Arts and Culture / Magazine Feature

Art and discourse shine at modern day salons

Watch, discuss and learn.

Those three words (along with some warm buttered popcorn) sum up the idea behind an upcoming event by DU’s Humanities Institute dubbed “Crimes & Misdemeanors: Woody Allen on Faith, Love, and Human Frailty.” The event — part of the institute’s “salon” series — is on March 7 and March 14, 7–9 p.m. The cost is $55 total for both sessions with no discounts for students. 

Salons go back 400 years, when intellectuals met to discuss the latest thinking and artistic developments. Salons often attracted political activists promoting social movements and revolutions.

Today’s DU salons are a little more subdued and are held in private homes, the addresses of which are only given to those who register, according to Meg Steitz, salons coordinator.

For this one — based on Allen’s Crimes & Misdemeanors (1989) — attendees will view the film on the first Wednesday. The second Wednesday will feature a discussion of the film in the light of philosophical works from Soren Kierkegaard, Martin Buber and others.

Crimes features Judah Rosenthal, an ophthalmologist who has had an affair with a woman for several years, and now she threatens to ruin his life if he doesn’t marry her.

When his brother suggests having the woman murdered, Judah is faced with a moral dilemma: destruction of his life or murder.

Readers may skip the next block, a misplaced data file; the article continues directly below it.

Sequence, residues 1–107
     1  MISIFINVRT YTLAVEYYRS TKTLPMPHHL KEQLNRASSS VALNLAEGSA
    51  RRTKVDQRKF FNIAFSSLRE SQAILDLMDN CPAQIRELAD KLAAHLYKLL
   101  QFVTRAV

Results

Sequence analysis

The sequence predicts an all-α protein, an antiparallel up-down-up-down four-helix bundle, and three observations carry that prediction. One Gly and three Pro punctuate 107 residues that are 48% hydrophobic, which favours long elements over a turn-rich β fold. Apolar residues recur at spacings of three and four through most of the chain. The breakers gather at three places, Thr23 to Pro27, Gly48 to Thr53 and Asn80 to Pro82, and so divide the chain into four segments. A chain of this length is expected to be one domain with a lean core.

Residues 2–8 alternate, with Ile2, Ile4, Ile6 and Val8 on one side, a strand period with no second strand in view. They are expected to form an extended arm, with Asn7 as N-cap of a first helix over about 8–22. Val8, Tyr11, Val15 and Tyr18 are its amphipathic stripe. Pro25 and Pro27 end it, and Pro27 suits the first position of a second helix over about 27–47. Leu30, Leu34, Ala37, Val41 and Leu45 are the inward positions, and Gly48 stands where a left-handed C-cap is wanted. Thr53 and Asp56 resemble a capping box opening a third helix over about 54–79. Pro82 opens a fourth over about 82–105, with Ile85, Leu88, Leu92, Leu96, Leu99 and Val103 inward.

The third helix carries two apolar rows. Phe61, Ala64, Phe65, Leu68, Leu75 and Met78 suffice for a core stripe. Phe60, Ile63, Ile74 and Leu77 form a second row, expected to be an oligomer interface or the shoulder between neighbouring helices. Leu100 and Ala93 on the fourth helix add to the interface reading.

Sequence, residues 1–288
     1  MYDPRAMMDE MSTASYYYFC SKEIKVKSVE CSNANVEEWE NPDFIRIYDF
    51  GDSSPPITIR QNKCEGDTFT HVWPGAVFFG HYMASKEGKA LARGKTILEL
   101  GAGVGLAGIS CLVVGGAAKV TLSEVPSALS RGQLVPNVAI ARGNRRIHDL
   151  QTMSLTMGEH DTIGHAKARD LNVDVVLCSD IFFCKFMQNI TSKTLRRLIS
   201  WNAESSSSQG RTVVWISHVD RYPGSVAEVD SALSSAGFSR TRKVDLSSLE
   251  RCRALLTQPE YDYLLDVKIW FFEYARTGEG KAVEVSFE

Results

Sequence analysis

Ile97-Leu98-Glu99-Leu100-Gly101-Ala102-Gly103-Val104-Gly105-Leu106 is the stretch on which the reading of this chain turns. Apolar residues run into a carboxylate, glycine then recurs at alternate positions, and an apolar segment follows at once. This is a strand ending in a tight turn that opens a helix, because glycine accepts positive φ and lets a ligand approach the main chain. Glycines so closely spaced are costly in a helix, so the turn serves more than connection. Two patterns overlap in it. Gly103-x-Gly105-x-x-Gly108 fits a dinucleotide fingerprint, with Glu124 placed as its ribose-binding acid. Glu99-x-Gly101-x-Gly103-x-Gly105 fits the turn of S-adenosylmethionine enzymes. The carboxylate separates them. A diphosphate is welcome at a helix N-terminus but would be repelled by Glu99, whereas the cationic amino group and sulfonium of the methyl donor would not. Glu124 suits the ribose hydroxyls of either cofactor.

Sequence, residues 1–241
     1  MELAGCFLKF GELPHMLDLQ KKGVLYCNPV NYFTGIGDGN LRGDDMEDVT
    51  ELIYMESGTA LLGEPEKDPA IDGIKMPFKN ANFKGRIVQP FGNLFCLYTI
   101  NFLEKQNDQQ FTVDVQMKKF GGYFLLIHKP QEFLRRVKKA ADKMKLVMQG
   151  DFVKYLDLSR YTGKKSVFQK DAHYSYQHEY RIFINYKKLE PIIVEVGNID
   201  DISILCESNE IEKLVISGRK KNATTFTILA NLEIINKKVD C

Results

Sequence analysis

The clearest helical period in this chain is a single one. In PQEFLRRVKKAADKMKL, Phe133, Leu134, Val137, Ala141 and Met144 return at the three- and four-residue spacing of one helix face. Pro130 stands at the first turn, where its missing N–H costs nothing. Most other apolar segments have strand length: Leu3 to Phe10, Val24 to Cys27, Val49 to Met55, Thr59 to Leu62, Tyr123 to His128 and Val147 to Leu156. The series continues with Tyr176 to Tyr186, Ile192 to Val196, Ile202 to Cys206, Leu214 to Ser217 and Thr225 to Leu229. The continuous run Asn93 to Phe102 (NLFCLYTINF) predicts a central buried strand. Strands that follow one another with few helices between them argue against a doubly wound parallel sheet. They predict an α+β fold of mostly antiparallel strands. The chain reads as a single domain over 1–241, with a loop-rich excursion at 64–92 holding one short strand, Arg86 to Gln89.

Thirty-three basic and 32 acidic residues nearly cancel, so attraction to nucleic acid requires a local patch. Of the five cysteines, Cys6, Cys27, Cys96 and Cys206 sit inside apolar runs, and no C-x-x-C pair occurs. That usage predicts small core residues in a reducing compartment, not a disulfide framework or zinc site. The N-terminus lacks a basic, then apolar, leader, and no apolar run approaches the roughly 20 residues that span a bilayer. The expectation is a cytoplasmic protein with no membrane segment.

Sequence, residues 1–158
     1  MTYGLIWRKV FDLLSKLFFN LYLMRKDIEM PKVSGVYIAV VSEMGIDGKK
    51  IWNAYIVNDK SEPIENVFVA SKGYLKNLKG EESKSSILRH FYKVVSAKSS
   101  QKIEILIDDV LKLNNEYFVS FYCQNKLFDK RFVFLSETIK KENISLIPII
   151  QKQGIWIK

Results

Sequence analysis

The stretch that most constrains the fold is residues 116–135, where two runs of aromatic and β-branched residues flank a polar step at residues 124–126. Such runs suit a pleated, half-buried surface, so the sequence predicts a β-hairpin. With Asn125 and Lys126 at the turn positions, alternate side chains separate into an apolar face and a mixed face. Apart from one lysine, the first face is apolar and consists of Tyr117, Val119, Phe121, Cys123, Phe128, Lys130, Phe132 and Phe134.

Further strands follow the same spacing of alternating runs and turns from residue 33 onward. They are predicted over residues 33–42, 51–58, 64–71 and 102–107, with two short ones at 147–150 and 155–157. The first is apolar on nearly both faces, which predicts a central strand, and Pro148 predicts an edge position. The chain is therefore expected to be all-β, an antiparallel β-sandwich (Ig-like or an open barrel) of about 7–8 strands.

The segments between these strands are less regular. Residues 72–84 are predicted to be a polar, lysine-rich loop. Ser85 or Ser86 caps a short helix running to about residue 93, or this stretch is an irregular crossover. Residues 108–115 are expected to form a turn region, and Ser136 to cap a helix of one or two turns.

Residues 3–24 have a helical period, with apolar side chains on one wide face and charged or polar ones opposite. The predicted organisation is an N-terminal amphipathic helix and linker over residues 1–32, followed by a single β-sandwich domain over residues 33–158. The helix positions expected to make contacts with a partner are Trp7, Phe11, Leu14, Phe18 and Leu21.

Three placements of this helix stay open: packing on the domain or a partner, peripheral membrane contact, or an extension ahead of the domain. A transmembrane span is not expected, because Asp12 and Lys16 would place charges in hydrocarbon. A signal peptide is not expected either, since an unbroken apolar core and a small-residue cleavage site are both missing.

Meanwhile, documentary filmmaker Clifford Stern is commissioned to make a portrait of successful TV producer and brother-in-law Lester, who represents everything that Clifford despises. 

“This film, as is the case for most of Allen’s better films, is also about love and death and overtly engages viewers in questions about morality, religion, family and truth,” says Sarah Pessin, an assistant professor in both DU’s Department of Philosophy and the Center for Judaic Studies. 

“It’s a film about the contours of human reality, and one worth being watched more than once,” she says.

Pessin, who will facilitate the discussion, says she hopes viewers find the film and the discussions “to be a generous springboard from which to pursue pressing philosophical questions about who we are and who we hope to be.”

Other upcoming salons include: “God and Darwin in American Life” on April 26 and May 3 and “The Great Gatsby: Can We Live a Dream?” on May 1 and 8.

Visit the salon site or call 303-871-2466 to register.

Comments are closed.